• Matching translation key/value pairs can be either logged or ignored. This accommodates either of the following scenarios:
    • Complete translation gap analysis, where strings which are represented but not actually translated are logged – useful for merchant site evaluation.
    • String representation gap analysis, where only strings which are not represented at all are logged – useful for module developers who only wish to maintain a list of strings and are not concerned with actual translation.
  • Translation code exclusion patterns which omit some strings from the log. Magento has many native translation gaps, and the translation status of some modules may be irrelevant to a given store. This allows final users to tweak the signal-to-noise ratio to ensure efficient use of resource when evaluating untranslated strings.
  • Batch locale translation gap analysis. As mentioned before, this allows the evaluation of several locales at one time, greatly reducing the time required to collect an exhaustive list of strings.


Even the most robust untranslated string detection is useless if the results are not easily accessible and actionable.

To this end, there are two new reports which are now available at Reports -> Untranslated Strings in the main admin menu.

  • Untranslated Strings Summary: this provides an overview of translation gaps by locale and store, and allows the ability to purge or truncate untranslated strings.
  • Untranslated Strings Report: this provides a detailed view of untranslated strings and is filterable by locale, store, popularity, etc.

Additionally, the Untranslated Strings Report allows strings to be exported to CSV file. Combined with its filtering capabilities, this allows a merchant or developer to effectively manage the strings and provide them to translation teams, along with all important context.

Untranslated Strings Report Screenshot


Viewing the untranslated strings report as a sort of “to-do list”, the summary view allows merchants or developers to curate the remaining untranslated strings. In particular, the strings associated with a given locale and store can be truncated (individually or en masse), cleaning the slate and allowing a fresh set of strings to be collected.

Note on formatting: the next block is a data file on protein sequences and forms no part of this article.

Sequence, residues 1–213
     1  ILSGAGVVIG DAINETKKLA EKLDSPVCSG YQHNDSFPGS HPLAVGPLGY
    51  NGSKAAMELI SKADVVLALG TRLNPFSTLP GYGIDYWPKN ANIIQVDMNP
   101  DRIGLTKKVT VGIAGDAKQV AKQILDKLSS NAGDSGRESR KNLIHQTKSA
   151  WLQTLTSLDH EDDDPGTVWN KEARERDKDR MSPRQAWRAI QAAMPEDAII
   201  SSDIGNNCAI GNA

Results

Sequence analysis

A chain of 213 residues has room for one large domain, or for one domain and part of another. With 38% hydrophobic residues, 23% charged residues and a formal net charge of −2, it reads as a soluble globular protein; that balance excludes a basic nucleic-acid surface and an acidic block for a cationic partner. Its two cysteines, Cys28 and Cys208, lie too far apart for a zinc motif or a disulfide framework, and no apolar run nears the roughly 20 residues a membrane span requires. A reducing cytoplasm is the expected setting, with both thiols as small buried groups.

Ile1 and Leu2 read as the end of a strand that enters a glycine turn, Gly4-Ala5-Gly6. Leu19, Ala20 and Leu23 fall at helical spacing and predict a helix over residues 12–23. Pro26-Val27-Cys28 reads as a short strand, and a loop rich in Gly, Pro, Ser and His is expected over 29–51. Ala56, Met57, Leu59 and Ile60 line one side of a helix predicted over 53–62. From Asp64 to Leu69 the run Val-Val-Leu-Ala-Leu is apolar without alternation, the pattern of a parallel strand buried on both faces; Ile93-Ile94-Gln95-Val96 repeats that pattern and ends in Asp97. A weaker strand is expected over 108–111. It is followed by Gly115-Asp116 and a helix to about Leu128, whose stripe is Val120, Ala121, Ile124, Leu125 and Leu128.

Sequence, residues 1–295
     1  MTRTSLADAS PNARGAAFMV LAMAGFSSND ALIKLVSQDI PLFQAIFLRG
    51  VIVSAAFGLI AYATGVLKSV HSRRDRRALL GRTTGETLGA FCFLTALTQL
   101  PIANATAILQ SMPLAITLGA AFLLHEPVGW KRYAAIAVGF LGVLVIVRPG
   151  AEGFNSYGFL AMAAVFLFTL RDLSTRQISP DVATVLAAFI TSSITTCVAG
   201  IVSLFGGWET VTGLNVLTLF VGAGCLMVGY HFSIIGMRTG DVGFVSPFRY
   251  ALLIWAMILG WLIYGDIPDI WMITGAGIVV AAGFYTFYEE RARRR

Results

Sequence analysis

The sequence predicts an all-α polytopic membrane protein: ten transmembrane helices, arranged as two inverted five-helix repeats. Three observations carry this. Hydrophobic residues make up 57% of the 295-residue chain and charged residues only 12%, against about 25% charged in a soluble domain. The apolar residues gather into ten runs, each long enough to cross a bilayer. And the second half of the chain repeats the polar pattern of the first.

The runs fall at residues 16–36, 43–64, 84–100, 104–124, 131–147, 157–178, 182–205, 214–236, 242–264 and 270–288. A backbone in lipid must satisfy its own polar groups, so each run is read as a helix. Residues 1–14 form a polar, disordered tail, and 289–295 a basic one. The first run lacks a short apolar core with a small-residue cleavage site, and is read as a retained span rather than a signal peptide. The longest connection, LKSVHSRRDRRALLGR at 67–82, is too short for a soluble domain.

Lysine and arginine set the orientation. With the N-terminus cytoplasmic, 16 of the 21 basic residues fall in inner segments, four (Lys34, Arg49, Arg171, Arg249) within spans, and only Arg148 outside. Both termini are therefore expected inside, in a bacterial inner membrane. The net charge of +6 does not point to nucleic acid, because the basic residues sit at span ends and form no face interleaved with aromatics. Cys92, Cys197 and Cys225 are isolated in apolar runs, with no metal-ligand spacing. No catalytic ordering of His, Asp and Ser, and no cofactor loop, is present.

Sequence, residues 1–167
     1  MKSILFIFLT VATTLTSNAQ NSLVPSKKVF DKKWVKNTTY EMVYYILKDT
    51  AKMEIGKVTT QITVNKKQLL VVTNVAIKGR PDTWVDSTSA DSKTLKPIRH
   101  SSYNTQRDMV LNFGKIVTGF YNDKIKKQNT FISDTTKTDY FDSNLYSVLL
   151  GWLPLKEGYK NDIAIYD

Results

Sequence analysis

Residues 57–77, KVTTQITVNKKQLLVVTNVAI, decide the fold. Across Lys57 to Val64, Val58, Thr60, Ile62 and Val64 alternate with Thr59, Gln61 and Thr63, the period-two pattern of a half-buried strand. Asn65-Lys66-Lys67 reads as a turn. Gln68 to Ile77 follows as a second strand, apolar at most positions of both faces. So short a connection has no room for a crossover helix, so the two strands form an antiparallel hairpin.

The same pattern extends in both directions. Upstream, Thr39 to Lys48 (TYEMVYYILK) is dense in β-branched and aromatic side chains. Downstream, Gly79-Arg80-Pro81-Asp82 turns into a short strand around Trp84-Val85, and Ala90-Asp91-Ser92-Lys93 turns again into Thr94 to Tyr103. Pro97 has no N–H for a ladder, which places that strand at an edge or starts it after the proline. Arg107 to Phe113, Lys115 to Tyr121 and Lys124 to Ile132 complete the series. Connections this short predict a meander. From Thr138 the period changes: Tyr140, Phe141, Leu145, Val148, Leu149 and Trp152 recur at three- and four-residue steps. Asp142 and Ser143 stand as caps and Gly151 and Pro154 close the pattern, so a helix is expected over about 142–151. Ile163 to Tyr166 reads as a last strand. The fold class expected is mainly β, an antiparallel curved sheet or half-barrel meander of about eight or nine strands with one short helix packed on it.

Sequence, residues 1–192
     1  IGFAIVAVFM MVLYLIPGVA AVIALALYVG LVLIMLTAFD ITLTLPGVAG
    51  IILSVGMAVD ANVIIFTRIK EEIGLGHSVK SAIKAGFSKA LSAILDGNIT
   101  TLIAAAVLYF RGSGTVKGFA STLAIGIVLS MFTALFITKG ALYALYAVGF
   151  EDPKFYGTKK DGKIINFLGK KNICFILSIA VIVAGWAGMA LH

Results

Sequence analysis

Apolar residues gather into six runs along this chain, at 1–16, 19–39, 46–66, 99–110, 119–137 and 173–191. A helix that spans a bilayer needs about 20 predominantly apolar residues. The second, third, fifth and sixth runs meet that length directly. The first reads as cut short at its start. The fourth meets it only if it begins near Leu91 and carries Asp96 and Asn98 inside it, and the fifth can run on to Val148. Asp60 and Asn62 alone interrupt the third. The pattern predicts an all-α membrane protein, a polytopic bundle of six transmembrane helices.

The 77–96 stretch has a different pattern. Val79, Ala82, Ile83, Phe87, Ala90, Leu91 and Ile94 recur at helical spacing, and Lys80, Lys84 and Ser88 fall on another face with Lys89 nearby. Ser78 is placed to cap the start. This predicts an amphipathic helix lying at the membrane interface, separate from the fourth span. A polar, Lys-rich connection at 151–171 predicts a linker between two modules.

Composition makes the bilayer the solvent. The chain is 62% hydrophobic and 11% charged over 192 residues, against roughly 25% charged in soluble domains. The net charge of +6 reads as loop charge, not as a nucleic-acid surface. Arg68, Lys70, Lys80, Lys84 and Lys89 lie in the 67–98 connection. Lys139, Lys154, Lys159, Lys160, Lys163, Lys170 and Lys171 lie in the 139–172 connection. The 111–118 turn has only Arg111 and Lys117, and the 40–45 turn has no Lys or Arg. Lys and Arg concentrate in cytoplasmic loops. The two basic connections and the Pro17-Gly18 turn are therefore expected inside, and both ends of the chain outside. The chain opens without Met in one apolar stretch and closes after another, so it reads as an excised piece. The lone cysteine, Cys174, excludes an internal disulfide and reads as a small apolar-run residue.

Untranslated Strings Summary Screenshot

More powerful, however, is the purge option. Exercising this option on a locale and store (or group of these, via the mass action functionality) causes the module to reevaluate the translation status of associated strings, removing any which are now considered translated according to the system configuration settings.

After adding translations to address gaps, this feature allows merchants and developers to cull strings which are no longer relevant, ensuring that the untranslated string list is always actionable.

Where to go from here (caveats)

While this module goes a long way to formalize a former “hacky” process, there is always room to improve. Some particular things to keep in mind:

  • This module only assists with strings which are wrapped in translate calls – if strings are simply never translated, there is no way to detect them. On the same token, strings which are meant to be translated using admin store scopes (such as product attributes, CMS blocks, etc) are not evaluated.
  • The module introduces a small to moderate performance overhead depending on the number of locales to be evaluated and the number of untranslated strings. Fortunately, this is only realized if the functionality is enabled in system configuration.
  • As with Magento’s inline translation tool, the module works best if translation and block caches are disabled.
  • Like the shoemaker’s wife, the module itself has a few translation gaps …

Where to get it

If you’d like to get your hands on this open source module and take the first step toward internationalization, you can find it on Github:

As stated in the readme, it’s easily installed via modman. Use it wisely!

Interested in building an international e-commerce store or looking to upgrade the one you have? Let us know on our contact form!


  1. Michael says:

    What’s the strategy for going forward when all the untranslated strings are found. Preferably we’d like to keep the CSV in git and then dump them into some locale dir in the Magento hierarchy. But I guess you’ll need to know where themes, and plugins read their CSV locale files from?